Nearly four months after his $100 million signing bolstered New York basketball hopes, Knicks star Amar’e Stoudemire is ubiquitous in the world’s largest market.
He glares intensely from Knicks-sponsored billboards, tweets to his nearly 159,000 followers (Twitter handle: @amareisreal) and Facebook fans, boasts a top-10-selling jersey at the NBA Store and on NBAStore.com for the first time and, on Friday, reads the Top 10 list on the “Late Show With David Letterman.”
Instead of a former Cleveland Cavalier who once captured the city’s imagination, New York has Stoudemire, who toured Israel for a week during the offseason to explore his affinity for Jewish spirituality — before returning to a city with perhaps two million Jewish residents. New York’s would-be basketball savior is a 27-year-old pro who starred for eight years with the Phoenix Suns who is introducing himself strongly before his Knicks have even won two games.
“I think he has a real opportunity, if he wants it,” said David Schwab, vice president at Octagon, which helps brands figure out celebrity strategy. “His ceiling is whatever he makes it out to be.”
But Stoudemire said he wanted to at least securing the Knicks’ first playoff berth since 2004 before expecting to build a regional and national marketing brand on par with the Yankees’ Derek Jeter or the Giants’ Eli Manning.
“It’s really about if you’re successful on the basketball court in New York, then you’re going to become a local hero regardless,” said Stoudemire, who led the Knicks to a season-opening gut-check win at Toronto on Wednesday(he had 19 points and 10 rebounds) after averaging a league-best 25.7 points during six preseason games. “That’s where the focus lies.”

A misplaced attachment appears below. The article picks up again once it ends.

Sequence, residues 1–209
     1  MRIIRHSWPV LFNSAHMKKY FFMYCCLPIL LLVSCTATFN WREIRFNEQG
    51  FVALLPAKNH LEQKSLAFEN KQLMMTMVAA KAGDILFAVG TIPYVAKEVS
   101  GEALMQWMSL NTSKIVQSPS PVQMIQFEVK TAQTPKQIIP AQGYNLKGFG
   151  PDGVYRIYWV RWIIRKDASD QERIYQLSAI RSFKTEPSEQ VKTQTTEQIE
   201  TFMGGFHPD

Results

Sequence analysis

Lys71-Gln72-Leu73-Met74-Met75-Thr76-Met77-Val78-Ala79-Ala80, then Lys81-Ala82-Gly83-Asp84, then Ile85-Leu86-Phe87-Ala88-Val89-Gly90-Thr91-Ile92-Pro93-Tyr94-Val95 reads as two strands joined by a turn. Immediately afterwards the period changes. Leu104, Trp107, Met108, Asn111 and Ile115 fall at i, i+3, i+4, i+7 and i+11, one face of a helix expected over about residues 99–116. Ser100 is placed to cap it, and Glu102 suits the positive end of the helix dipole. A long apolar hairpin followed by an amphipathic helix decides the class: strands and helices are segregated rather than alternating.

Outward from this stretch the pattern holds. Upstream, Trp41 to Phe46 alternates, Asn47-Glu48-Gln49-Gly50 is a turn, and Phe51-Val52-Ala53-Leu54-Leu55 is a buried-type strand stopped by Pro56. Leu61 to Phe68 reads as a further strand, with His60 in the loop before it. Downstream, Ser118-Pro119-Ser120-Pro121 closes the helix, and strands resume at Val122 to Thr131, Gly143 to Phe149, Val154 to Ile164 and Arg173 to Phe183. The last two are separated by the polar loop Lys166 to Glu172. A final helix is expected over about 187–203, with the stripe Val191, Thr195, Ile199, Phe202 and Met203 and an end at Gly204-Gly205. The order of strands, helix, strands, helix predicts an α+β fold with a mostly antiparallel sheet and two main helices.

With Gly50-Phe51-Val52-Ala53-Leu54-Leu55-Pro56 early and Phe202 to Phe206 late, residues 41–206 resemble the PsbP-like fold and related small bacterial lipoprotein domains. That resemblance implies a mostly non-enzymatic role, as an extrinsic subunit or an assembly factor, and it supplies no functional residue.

Added Stoudemire: “I’m pretty sure there’s a few sponsors out there that’s interested in doing business. ... I think that will all fall in place if we continue success. And that’s what we aim to do.”
In addition to his primary partnership with Nike — which co-sponsors Stoudemire’s eight traveling basketball teams in Florida, youth tournaments and basketball camps — Stoudemire and his agent are entertaining some new offers that neither would divulge.
“Not the norm, not the guy out there pitching a car,” said his agent, Happy Walters. “Maybe some off-brand things, or things that are a little bit left of center. … We’re building Amar’e’s brand.”
Stoudemire, Phoenix’s No. 9 pick of the 2002 NBA draft straight out of high school, is the most talented Knicks big man since Patrick Ewing. An occasional MVP candidate during years of playoff contention in Phoenix, he possesses an all-court power forward's game, with a work ethic that helped earn him a five-year deal despite post-operative leg and eye conditions that made his $99.7 million Knicks contract uninsurable.
Knicks coach Mike D’Antoni, who previously coached Stoudemire on contenders in Phoenix, called the five-time All-Star “better than ever” and deemed Stoudemire’s focus “incredibly good.” It’s not about putting up stats, Stoudemire emphasized, but “putting up the W’s.”
“We’re kind of taking it slowly,” said Walters, who acknowledged that Stoudemire is well-paid by the Knicks and does not need to chase opportunities for quick profit. (The Knicks are owned by MSG, a recent spin-off of Cablevision, which owns amNewYork and Newsday.) “Basketball is obviously his focus. He’s got to do well on the court.”